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U.S. Department of Health and Human Services

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Enforcement Actions

DNO Inc 12/12/13

  

Department of Health and Human Services logoDepartment of Health and Human Services

Public Health Service
Food and Drug Administration
 
Cincinnati District Office
Central Region
6751 Steger Drive
Cincinnati, OH 45237-3097
Telephone: (513) 679-2700
FAX: (513) 679-2761 

 

December 12, 2013
 
Via United Parcel Service
WARNING LETTER
CIN-14-410970-07
                                          
 
Anthony A. DiNovo
President/CEO
DNO, Inc.
3650 E. 5th Ave.
Columbus, OH 43219-1805
 
Dear Mr. DiNovo:
 
The U.S. Food and Drug Administration (FDA) inspected your processed fruit and vegetable produce manufacturing facility, located at 3650 E. 5th Avenue, Columbus, OH, from August 1- 8, 2013. During our inspection, FDA collected an environmental sample consisting of multiple swabs collected from various areas within your processing facility. FDA laboratory analyses of the environmental swabs found Listeria monocytogenes (L. monocytogenes), a human pathogen, in ten of the eighty-eight swabs, including seven swabs from food-contact surfaces. These findings of L. monocytogenes in your processing facility cause your fruit and vegetable produce products to be adulterated within the meaning of section 402(a)(4) of the Federal Food, Drug, and Cosmetic Act (the Act) [21 U.S.C. § 342(a)(4)] in that they were prepared, packed, or held under insanitary conditions whereby they may have been rendered injurious to health. You can find the Act and FDA’s regulations through links in FDA’s home page at www.fda.gov.
 
L. monocytogenes is a pathogenic bacterium that is widespread in the environment and may be introduced into a food processing facility from raw materials, humans or equipment.  Consumption of food contaminated with L. monocytogenes can result in a mild illness (called listerial gastroenteritis) or a severe, sometimes life-threatening, illness called invasive listeriosis. Invasive listeriosis occurs predominantly in older adults and persons with impaired immune systems. Listeriosis in pregnant women is typically a mild “flu-like” illness, but can result in fetal death, premature labor, or neonatal infection.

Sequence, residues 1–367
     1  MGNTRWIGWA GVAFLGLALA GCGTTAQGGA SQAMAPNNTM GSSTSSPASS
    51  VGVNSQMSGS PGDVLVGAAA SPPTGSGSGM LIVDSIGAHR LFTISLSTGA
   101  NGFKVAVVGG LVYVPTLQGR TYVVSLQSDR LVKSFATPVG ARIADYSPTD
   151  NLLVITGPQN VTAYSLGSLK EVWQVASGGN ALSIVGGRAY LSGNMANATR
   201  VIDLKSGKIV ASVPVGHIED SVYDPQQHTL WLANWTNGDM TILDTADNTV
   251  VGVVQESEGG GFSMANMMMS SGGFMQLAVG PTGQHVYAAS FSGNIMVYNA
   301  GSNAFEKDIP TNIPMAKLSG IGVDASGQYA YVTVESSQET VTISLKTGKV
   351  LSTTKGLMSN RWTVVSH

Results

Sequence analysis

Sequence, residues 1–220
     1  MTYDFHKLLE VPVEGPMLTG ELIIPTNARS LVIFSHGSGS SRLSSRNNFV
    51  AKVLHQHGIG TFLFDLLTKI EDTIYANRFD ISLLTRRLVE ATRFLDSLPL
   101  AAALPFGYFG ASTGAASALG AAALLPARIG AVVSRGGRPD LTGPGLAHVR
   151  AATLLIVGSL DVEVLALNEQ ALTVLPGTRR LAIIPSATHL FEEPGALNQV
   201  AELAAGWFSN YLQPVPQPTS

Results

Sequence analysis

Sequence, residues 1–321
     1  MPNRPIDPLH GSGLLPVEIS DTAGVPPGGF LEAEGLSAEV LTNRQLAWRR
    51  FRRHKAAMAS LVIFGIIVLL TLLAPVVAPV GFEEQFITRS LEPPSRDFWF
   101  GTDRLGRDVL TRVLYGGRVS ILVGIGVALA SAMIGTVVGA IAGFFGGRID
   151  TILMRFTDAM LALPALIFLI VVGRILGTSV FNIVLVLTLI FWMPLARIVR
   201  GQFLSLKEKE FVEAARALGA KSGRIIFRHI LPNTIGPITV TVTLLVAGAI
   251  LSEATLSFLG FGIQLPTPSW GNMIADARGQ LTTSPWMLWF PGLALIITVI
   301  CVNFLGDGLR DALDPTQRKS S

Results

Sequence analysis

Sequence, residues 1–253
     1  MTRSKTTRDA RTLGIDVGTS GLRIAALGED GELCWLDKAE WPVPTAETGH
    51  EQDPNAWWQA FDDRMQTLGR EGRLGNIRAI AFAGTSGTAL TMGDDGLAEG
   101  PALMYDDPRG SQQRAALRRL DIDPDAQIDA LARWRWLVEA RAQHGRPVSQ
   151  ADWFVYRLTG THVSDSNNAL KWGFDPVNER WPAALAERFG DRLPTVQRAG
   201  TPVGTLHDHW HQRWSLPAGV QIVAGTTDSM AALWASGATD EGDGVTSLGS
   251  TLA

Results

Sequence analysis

Prior to FDA’s inspection and collection of environmental swabs, we acknowledge that DNO, Inc. submitted a Reportable Food Registry (RFR) report on July 25, 2013. The RFR report was based on product sampling results from your third party laboratory that found L. monocytogenes in sliced zucchini product. We also acknowledge that on July 24, 2013, you voluntarily recalled all zucchini products sold between July 1-24, 2013, due to potential L. monocytogenes contamination.
 
On August 27, 2013, FDA notified you of our findings regarding the presence of L. monocytogenes in your processing facility.  We acknowledge your written response, received on September 3, 2013, which described your corrective actions. Your response states, among other things, that you will wash all raw produce destined to become “ready to eat” (RTE) in (b)(4) prior to processing; sanitize all product contact surfaces with a solution of (b)(4) during each product change over and break; clean and sanitize all equipment daily; designate employees for sanitation responsibilities who will never come in contact with RTE product or contact surfaces; restrict access to processing areas; restrict use of hoses during processing; provide those who enter the processing area with waterproof footwear that must remain on the premises or with disposable shoe covers; restrict the use of cold weather gloves in the processing area; define and segregate areas for raw, repackaged, work-in-process, and RTE products; install an (b)(4) system for treatment and continuous monitoring of produce wash water; alter your environmental monitoring program to be more proactive in uncovering areas of microbial harborage; implement daily pre-operational testing to verify effective sanitation; develop a sanitizer rotation program and implement improved procedures and a master sanitation schedule to include all facility areas; and develop a company-wide food safety culture through training. 
 
However, your response does not provide sufficient details for FDA to evaluate the adequacy of your corrective actions, such as the methods and specific activities you will utilize to achieve compliance for each corrective action.  For example: